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Research Activities 2009

Earth Materials and Processes

 

Click on the links below to read the 2009 Earth Materials & Processes research highlights or Click HERE to download the PDF version


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Introduction

The Earth Materials and Processes area comprises research groups in Rock Physics, Experimental Petrology, and Structure & Tectonics. Our research centres around laboratory based measurements under controlled conditions, simulating those occurring in nature, but these activities are complemented by a rich array of analytical equipment and are supported by extensive field-based observations, often in collaboration with scientists from other institutions, nationally and internationally. Through such investigations we aim to develop understanding of the structure and chemical composition of planetary interiors, and the processes by which planets evolve. Our interests start at the very beginning of solar system history with how the Earth and other rocky planets accrete, and then cover the ongoing processes of mantle convection, volcanism, metamorphism, global tectonics and the formation of ore deposits.
Areas of current research activity include:

  • The making of terrestrial planets. Chemical constraints on the accretion of the Earth and similar planets from the solar nebula, and the processes of core formation; mineralogical and chemical properties of the deep mantle and their influence on global tectonics.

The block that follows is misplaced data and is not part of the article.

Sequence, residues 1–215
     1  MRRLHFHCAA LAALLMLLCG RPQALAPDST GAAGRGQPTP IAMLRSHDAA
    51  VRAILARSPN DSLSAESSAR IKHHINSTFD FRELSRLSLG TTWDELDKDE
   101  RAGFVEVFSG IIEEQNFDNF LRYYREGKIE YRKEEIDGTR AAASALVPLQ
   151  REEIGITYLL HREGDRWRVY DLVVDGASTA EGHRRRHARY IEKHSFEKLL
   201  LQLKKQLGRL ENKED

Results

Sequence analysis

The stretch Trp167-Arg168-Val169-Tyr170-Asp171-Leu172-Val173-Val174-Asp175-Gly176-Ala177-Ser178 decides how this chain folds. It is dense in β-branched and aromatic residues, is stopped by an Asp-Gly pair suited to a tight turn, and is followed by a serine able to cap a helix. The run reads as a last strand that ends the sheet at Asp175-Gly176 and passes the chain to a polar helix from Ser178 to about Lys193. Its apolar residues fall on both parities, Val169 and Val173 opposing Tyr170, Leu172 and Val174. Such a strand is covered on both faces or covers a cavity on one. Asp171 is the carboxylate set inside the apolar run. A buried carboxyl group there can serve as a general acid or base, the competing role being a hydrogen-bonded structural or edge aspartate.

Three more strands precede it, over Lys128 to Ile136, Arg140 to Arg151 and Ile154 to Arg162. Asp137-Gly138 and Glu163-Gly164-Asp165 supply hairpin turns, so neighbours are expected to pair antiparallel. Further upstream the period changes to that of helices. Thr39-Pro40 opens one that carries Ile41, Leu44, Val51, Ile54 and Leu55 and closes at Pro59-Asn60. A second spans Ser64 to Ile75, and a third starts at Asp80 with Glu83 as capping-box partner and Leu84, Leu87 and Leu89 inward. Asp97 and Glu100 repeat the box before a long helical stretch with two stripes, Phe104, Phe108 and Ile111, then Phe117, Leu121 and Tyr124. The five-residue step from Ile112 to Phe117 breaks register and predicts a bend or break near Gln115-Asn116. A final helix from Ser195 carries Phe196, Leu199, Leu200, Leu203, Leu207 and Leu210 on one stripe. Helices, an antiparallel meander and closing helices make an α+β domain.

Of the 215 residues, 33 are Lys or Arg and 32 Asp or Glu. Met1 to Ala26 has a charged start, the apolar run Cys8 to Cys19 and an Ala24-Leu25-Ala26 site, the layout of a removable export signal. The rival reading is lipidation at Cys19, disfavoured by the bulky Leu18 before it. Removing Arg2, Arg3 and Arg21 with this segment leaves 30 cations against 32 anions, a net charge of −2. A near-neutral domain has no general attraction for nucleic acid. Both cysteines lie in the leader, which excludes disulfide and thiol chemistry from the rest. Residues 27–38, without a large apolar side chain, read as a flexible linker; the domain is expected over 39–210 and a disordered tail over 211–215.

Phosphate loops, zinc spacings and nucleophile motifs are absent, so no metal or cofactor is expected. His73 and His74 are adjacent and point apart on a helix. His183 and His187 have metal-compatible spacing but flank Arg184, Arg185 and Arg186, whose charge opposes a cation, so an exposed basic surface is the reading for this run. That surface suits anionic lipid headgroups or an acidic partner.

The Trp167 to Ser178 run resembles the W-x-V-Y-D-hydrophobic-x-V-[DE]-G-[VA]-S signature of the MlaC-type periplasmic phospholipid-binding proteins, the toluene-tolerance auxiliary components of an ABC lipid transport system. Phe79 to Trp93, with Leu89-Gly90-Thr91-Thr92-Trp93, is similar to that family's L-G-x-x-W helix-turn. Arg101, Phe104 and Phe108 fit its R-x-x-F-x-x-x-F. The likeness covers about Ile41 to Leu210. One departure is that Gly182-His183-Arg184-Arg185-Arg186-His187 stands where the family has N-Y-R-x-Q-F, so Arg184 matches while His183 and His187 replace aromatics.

• The nature of the Earth's upper mantle. Experimental studies and thermodynamic modelling of the phase equilibria relevant to upper mantle melting and ultra-high-pressure metamorphism associated with crustal thickening and subduction; experimental and microstructural studies of phenomena associated with lattice defects and grain boundaries including incorporation of water into nominally anhydrous minerals and microscopic mechanisms of seismic wave attenuation; experimental studies and modelling of grain-scale melt distribution and its implications for melt transport, rheology and seismic properties.
  • Oxidation state and coordination of metal ions at high temperatures. Studies of crystals, melts and hydrothermal solutions by X-ray absorption spectroscopy, using synchrotron radiation. Studies of silicate glasses and melts to very high temperatures under controlled redox conditions. Analysis of hydrothermal solutions trapped in synthetic fluid inclusions is providing important basic information on metal complexes at high temperatures.
  • Coupling between fluid flow and fault mechanics in the continental crust. Field-based studies of a normal fault system in Oman, along with complementary stable isotope and other geochemical studies of associated calcite vein systems, are being used to explore how fault-controlled fluid flow is localized among components of regionally extensive fault networks. Field-based and microstructural studies in two examples of intrusion-related ore systems (Porgera, PNG, and North Parkes, NSW) are providing insights about the dynamics of growth of fracture-controlled hydrothermal systems and localization of ore deposition in these settings. Laboratory studies of the seismic properties of the cracked and fluid-saturated rocks of the upper crust